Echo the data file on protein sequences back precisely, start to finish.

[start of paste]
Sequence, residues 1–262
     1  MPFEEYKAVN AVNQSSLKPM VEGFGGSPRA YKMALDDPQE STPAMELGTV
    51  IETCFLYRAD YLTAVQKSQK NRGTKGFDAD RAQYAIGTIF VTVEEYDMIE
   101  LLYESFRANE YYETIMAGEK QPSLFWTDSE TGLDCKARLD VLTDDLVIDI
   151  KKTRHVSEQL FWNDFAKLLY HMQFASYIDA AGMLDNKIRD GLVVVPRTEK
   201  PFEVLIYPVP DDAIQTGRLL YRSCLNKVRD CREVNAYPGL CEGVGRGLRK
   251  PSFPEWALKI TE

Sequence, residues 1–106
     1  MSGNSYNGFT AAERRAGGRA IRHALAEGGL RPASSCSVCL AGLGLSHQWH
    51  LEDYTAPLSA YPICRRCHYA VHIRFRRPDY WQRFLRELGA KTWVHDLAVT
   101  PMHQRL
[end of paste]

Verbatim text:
Sequence, residues 1–262
     1  MPFEEYKAVN AVNQSSLKPM VEGFGGSPRA YKMALDDPQE STPAMELGTV
    51  IETCFLYRAD YLTAVQKSQK NRGTKGFDAD RAQYAIGTIF VTVEEYDMIE
   101  LLYESFRANE YYETIMAGEK QPSLFWTDSE TGLDCKARLD VLTDDLVIDI
   151  KKTRHVSEQL FWNDFAKLLY HMQFASYIDA AGMLDNKIRD GLVVVPRTEK
   201  PFEVLIYPVP DDAIQTGRLL YRSCLNKVRD CREVNAYPGL CEGVGRGLRK
   251  PSFPEWALKI TE

Sequence, residues 1–106
     1  MSGNSYNGFT AAERRAGGRA IRHALAEGGL RPASSCSVCL AGLGLSHQWH
    51  LEDYTAPLSA YPICRRCHYA VHIRFRRPDY WQRFLRELGA KTWVHDLAVT
   101  PMHQRL